In Homa Bay County, a number of primary schools face challenges of space to ensure social distance.
At Shauri Yako Primary School, for instance, Class Eight candidates and Grade Four pupils occupied 14 classrooms out of the available 24.
At Homa Bay Primary School, there was a challenge of hand washing facilities.
School head teacher Joseph Obunga said they will consult with parents on how to acquire more facilities.
“Shortage of hand washing facilities is a problem in our school. We are contemplating how to engage parents to acquire them,” Obunga said.
In Nyamira, public schools recorded high turnout compared to private schools.
At Egesieri, Nyamira, Nyamwetureko and Ibucha primary schools, all learners reported and all the teachers were present.
Class Eight candidates were optimistic that they will complete the academic calendar without interruptions.
However, some of the major private schools in the region registered a low turnout of learners with management hoping all students will report by Wednesday.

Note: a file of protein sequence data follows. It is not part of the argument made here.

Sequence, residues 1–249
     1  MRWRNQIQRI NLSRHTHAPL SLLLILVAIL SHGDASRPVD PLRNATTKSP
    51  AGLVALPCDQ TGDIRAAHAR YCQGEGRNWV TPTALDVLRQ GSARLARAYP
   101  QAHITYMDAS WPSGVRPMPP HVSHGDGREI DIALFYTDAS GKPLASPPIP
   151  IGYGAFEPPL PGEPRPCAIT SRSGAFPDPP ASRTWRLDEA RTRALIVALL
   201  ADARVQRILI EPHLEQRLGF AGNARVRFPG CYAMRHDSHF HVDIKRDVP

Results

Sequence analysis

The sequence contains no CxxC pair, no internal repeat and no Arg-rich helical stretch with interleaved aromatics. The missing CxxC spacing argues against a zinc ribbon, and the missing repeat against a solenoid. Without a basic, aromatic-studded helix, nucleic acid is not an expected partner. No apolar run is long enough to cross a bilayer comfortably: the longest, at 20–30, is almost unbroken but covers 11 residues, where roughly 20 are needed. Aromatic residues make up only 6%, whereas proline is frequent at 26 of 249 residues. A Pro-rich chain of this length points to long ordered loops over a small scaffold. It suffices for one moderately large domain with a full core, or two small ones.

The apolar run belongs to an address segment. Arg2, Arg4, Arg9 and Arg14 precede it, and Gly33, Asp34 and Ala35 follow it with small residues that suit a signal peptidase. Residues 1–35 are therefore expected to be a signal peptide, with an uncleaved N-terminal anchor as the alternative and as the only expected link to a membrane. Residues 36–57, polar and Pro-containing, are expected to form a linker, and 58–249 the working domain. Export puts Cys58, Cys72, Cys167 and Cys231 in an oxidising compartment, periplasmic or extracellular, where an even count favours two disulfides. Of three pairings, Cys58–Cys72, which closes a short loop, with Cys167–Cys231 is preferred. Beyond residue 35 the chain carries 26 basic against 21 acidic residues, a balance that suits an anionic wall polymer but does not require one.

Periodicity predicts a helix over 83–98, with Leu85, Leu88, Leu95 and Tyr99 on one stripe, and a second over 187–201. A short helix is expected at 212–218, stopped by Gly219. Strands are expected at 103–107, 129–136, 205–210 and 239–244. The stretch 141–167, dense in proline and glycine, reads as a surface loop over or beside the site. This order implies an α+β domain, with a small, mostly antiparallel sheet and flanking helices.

At Royal Metropolitan Academy in Nyamira Town, by 1pm, no pupil had reported to the school, but headteacher Samuel Ondieki said the opening schedule was communicated to parents and he was expecting that by close of yesterday, a good number of the learners would have turned up.
“We understand this is a boarding school and parents need to plan adequately for the return of their children to school. We hope to have full numbers by end of today (Monday),” said Ondieki.
By yesterday, the school workers were putting final touches on handwashing points, painting the facility as well as doing general cleanliness.
At St George’s Boarding Primary, the gates remained closed. Parents confided in The Standard that the school management had communicated to them that they will reopen on Wednesday when all necessary measures have been put in place.
In Mombasa County, learning started in earnest as teachers and students moved to recover lost time.
At the Allidina Visram High School, there were last-minute efforts to increase handwashing points as Form Four candidates trooped back to class.
The teacher on duty, Milcah Wanjiku, said 80 per cent of Form Four candidates had reported.